"Ahh... the day was a very unforgettable day in the life of these children. You have seen the environment we are mixed up of low and middle class people, we don't have any rich people attending school here.An area I was eager to know more about was what her thoughts were on the constructionistic approach to learning. Her answer was smart:
That day the school everybody, the children and teachers were happy, and most especially after giving a laptop to the children they gave the teachers. It was an interesting day, in the life of the people of our school. Even the life of our local education authority the stakeholders of education."
"You know education is not static. Education changes, and as it changes the world it self changes. The way I passed through education is not to compare with nowadays education. Also children themselves today are more curious than before."When asked as to whether these laptops have stimulated this curiosity she replies:
"You know browsing (this is the Nigerian term for surfing on the internet), in class if the teacher writes something on the blackboard, before you know it they (the kids) have opened up the internet to check on that to see if they can get different meanings of that particular area. That is what they do.The question on whether they have experienced kids selling their laptop was also touched upon, as this has often been an issue often discussed. Mrs. Juliana Okonkwo boldly said that this had not happened, and continued:
And for a child in primary school to start operating with laptops, even if he can just finish primary school and can make use of it, it is good for that child. You know some people are employed because they can operate laptops. The children here can now compete even with their seniors that are in offices. To me this project is changing our lives."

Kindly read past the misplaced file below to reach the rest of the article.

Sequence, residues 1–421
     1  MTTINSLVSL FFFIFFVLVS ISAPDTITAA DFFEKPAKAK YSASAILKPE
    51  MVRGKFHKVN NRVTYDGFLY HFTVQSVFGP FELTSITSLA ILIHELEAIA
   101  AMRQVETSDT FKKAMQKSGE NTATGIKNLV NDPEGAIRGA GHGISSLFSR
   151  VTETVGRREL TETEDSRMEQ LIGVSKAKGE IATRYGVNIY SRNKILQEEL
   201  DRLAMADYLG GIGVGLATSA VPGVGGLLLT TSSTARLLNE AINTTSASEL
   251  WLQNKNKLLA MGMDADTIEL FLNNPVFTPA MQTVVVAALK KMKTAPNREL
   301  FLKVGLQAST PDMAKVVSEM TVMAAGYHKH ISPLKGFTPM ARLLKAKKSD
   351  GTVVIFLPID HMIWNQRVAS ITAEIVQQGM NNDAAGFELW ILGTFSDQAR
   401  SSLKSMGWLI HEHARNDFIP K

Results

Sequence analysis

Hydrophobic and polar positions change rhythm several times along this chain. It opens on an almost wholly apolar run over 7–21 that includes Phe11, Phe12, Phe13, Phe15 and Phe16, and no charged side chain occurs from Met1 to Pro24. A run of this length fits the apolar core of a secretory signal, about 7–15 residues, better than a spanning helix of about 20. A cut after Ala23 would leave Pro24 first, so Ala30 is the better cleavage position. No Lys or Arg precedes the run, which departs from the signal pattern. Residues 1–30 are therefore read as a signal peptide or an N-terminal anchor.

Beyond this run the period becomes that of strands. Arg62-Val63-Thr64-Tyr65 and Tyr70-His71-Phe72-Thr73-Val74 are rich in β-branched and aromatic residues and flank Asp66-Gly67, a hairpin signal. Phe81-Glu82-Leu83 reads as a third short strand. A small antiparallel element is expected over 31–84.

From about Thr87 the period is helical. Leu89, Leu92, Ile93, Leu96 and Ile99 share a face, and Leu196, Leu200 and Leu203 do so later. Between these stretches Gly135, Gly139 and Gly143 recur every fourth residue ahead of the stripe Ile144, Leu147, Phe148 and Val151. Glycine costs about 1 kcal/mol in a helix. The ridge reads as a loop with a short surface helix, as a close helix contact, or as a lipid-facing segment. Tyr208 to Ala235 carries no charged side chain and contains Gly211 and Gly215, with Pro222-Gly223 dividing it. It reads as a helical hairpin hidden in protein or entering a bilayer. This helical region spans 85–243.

"Before the computers were distributed to the kids we called a PTA (Parent Teacher Association) meeting. We got the parents to understand this project. We told them that as far as Nigeria as concerned there are no other schools than L.E.A school Galadima that has these laptops, so any other place we see these laptops we will hold the person responsible.I was happy to get a chance to talk to the headmaster and I feel that she gave me a good insight into the project. I would however like to say this.
We emphasized that this thing is not for sale it is for the child to help himself or herself in the education, and that they should help them take good care of it. We even advised the parents to get a bag for the kids to be protecting it, as they are coming to school."
This blog post is not intended to be yet another OLPC praise. There are numerous issues and plenty of work for the project coordinators, teachers, and other stakeholders involved in the project.
On walking around school I saw kids that had laptops with spoiled screens, torn off "ears", and defect batteries one kid even told me that his laptop had been stolen. There are teachers for whom the idea of using the laptops in learning is not yet natural, and there are challenges regarding how to digitalize the curriculum the kids must go through during primary school.So despite the obvious success and hype :) there is still plenty of work to be done in the project at L.E.A Galadima School.